The latest video communicating social media policy to public servants – Social Media Man

The Queensland Government recently introduced a new approach to communicate departmental social media policy to staff, a light and humorous video featuring ‘Social Media Man’.

It’s the latest in a line of video-based tools used to communicate social media policy to public servants in Australia, following some great work from Victoria.

The first, in March 2011, was the Victorian Department of Justice’s Social Media Policy.

This video (embedded below) took a solid and dependable approach, providing a top-level view of the Department’s (then new) Social Media Policy.

This video became the ‘go-to’ standard for government agencies across the country and was seen globally as an effective example of how agencies could leverage social channels and particularly video to better communicate with their own staff.

The video has been adapted and reused by a number of agencies and councils around the country, including the federal Department of Human Services.

(My company, Delib Australia, has the code for the video and has repurposed and redeveloped it for councils. We’d be happy to do this for you too.)

After several years of hiatus, the Victorian Department of Premier and Cabinet (DPC) took the bar higher earlier this year with the release in April of their Social Media Policy video.

Using a cartoon-drawing style, this video supported the release of the DPC’s social media policy, which is also available on their website at

The latest entrant in the mix, hot on the heels of Victoria’s DPC, is the Queensland Government’s ‘Social Media Man’.

A mild-manner public servant otherwise known as ‘Garry’, Social Media Man gives staff at DNRM, DTESB, DAFF & DEWS an overview of their obligations under their social media policy.

The video is available at Youtube:

Note this may not be publicly visible for long, given that Queensland government has chosen to prevent embedding or sharing by other sites (as evidenced by broken links from Business Insider and Mumbrella).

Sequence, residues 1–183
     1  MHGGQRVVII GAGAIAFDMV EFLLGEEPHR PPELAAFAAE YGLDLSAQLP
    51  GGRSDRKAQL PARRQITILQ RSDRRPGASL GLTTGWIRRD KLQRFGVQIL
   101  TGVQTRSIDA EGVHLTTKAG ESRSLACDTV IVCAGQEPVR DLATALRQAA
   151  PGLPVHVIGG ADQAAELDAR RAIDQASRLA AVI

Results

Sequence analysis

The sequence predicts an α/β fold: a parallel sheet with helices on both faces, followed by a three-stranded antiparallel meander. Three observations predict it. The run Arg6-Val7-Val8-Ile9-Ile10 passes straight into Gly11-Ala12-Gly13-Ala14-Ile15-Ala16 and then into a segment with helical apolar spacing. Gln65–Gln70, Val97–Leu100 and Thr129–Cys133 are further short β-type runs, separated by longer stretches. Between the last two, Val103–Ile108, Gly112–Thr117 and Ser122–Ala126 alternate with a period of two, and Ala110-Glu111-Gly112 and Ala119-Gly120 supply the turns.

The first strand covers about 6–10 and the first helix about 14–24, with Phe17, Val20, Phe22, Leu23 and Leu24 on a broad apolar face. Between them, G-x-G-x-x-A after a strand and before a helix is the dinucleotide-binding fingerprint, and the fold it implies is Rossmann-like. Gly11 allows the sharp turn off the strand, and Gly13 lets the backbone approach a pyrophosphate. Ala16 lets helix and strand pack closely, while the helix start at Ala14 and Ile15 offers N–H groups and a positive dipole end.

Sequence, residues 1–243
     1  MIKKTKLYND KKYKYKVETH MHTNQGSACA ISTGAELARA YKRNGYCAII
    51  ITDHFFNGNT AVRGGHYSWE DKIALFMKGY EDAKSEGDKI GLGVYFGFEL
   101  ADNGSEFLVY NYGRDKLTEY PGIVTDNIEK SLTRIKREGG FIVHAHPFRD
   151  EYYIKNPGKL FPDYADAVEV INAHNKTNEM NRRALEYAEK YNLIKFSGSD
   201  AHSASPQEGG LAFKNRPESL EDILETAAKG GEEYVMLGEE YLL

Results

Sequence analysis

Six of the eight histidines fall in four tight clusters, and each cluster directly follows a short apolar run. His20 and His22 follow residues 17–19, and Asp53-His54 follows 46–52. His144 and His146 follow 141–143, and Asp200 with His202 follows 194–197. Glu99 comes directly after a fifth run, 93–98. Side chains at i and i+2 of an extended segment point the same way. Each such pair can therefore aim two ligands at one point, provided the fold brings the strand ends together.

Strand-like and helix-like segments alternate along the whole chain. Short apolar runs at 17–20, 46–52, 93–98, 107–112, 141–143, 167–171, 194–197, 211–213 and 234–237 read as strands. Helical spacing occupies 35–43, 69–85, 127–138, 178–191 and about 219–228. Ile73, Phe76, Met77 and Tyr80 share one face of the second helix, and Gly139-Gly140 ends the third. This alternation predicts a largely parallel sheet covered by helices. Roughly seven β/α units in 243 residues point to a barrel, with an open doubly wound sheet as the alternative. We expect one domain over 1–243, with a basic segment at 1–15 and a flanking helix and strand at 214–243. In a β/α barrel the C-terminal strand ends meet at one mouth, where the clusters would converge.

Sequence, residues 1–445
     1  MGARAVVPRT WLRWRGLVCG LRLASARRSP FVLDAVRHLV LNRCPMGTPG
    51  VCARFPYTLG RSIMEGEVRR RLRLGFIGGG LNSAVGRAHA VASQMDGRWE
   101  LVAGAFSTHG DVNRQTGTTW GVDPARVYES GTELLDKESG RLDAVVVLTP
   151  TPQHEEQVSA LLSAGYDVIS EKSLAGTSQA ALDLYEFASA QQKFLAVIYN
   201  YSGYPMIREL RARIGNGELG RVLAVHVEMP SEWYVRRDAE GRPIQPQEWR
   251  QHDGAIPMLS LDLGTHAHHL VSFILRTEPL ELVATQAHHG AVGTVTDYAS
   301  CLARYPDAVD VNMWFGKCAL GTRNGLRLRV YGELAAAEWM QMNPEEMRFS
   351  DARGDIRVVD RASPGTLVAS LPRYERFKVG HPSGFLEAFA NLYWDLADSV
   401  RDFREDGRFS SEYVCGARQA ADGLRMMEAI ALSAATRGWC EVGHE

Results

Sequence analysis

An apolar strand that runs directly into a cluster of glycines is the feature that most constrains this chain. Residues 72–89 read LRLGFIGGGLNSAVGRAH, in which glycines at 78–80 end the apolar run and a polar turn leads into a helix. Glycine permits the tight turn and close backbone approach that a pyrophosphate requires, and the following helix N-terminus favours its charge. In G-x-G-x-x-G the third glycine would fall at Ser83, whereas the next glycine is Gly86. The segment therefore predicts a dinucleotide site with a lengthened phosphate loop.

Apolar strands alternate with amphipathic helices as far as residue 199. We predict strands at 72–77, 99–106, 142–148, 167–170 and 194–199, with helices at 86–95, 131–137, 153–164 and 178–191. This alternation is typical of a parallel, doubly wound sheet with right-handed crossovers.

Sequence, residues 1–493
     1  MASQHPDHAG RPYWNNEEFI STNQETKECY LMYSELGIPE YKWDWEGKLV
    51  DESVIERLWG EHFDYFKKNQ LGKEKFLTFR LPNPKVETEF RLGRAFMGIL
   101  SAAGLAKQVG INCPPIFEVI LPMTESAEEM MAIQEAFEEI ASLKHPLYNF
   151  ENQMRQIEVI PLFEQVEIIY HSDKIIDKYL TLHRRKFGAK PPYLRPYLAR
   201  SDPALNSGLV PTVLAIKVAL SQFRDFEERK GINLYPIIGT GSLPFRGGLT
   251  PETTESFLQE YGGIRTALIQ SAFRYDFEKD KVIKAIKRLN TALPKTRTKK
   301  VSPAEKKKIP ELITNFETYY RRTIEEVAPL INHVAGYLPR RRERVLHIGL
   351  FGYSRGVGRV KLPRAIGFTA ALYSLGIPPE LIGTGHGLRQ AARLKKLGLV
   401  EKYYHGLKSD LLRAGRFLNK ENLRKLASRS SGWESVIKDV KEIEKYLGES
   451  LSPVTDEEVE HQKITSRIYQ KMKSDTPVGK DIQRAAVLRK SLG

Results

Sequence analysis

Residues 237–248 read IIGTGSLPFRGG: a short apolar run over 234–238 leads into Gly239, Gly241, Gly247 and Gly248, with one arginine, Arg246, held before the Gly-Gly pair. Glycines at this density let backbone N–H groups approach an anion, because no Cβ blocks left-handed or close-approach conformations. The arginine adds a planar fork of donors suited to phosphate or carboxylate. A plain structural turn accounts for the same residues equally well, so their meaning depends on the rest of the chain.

This is a real shame as it is, in my view, a great approach – balancing humour with a clear message.

Also it is my view that public sector social media policies should be public. It helps send a clear message to the community that they can trust the public service to act appropriately, rather than politically, building trust and respect.

There’s also the consideration that governments, such as Queensland, have adopted Creative Commons as a standard licensing approach – so appropriate sharing of this type of material should not be prevented.

In lieu of being able to embed the video, here’s stills of Social Media Man in action.

It will be interesting to see which governments in Australia can take this further – potentially even stepping beyond the use of videos to promote social media policy to promote other OH&S and security policies within agencies. There’s a lot of scope for video that’s not yet been realised.

Finally I think it is worth noting that the Queensland public service, per this video, is told to not criticise their own policy areas or department, but can engage more broadly in political expression regarding other government policies – that’s currently denied Australian Public Servants by the Australian Public Service Commission’s guidelines on social media use.

In my view Queensland has got their social media guidance right.

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